Brigadier General Janis Karpinski, who “was in charge of the military police unit that ran Abu Ghraib and other prisons when the abuses were committed,” believes that the low-ranking soldiers who have so far been held responsible for the abuses “did not devise techniques such as stacking up naked prisoners or forcing them to masturbate.” [Emphasis added]
She has previously said that “she was being made a ‘convenient scapegoat’ for abuse ordered by others.” Now she says that the soldiers being court-martialed are being unfairly singled out.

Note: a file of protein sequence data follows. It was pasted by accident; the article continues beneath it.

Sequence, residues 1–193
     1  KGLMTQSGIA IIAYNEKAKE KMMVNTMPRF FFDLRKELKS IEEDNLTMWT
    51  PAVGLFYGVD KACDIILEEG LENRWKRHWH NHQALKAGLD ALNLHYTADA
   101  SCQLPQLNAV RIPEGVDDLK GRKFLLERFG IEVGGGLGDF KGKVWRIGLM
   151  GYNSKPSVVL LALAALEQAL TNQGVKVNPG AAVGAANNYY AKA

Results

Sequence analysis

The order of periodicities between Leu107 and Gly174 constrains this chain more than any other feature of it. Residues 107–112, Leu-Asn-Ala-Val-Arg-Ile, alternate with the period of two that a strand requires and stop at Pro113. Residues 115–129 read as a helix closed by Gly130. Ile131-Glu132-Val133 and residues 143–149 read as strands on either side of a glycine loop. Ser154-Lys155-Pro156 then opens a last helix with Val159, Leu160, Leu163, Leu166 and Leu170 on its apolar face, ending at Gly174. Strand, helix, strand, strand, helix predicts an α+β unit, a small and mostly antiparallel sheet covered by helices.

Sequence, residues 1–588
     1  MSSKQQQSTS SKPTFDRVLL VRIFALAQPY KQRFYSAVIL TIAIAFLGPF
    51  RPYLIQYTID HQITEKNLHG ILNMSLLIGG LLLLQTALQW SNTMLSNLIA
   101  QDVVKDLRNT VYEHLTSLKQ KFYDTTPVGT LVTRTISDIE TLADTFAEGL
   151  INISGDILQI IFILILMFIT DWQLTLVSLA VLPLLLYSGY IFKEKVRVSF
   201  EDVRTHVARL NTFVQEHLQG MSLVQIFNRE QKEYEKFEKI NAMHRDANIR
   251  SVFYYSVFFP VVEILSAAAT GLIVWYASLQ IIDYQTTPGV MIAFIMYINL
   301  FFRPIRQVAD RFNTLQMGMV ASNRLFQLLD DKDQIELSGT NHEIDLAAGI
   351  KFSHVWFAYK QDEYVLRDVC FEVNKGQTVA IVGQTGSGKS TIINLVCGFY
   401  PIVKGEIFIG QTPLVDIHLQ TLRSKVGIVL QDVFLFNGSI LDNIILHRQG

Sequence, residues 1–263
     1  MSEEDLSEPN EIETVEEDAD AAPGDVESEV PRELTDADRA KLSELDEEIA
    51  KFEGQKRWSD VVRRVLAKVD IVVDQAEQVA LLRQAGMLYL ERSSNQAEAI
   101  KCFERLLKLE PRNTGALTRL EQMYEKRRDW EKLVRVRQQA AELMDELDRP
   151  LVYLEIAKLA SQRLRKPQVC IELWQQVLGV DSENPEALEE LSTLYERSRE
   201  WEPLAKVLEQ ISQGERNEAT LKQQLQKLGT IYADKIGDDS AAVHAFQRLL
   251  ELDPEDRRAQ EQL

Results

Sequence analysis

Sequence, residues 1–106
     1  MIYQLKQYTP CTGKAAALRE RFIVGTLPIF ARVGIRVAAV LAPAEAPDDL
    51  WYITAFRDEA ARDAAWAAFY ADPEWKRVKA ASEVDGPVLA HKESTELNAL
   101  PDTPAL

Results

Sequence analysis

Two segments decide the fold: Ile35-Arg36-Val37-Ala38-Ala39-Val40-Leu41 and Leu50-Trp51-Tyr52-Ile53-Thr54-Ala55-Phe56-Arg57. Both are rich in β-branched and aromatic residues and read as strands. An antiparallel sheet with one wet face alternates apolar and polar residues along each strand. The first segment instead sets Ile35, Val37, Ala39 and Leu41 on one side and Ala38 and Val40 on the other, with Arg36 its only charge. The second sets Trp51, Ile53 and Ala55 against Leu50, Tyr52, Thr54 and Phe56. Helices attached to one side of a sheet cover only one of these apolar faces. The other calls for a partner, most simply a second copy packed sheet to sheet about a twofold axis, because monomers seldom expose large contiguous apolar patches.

“I guarantee you that none of those soldiers knew enough about the Arab culture to be able to say this is the right thing that we should do,” she said.”
“Somebody who was very familiar with what would work told them how to do those things.”
Her statement does not obviously account for the fact that at least some of the reservists involved, most notably Specialist Charles A. Graner, Jr., were prison guards in the United States, or a suspicion that these abuses might be routine in US prisons. A military court sentenced Graner to ten years.